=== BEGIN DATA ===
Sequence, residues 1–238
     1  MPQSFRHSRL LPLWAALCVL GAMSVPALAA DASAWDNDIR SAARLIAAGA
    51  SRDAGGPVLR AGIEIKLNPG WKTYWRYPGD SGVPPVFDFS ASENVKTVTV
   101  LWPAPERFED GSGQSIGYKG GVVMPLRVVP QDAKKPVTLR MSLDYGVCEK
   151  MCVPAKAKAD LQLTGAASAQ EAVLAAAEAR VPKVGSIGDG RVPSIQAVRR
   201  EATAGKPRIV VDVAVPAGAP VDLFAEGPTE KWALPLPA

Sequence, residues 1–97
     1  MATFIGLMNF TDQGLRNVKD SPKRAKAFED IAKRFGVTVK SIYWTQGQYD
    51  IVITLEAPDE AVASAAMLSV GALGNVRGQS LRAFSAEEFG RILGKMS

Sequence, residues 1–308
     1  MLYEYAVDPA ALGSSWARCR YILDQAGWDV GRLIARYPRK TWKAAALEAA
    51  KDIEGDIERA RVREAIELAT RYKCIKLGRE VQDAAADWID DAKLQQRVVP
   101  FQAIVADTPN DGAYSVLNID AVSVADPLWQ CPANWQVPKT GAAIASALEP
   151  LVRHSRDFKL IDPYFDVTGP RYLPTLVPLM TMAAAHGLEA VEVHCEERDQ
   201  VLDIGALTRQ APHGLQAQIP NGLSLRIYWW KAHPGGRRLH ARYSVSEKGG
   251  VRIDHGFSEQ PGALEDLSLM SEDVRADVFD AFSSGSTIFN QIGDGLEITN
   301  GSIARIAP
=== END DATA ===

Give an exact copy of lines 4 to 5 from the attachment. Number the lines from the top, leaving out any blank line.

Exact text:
   101  LWPAPERFED GSGQSIGYKG GVVMPLRVVP QDAKKPVTLR MSLDYGVCEK
   151  MCVPAKAKAD LQLTGAASAQ EAVLAAAEAR VPKVGSIGDG RVPSIQAVRR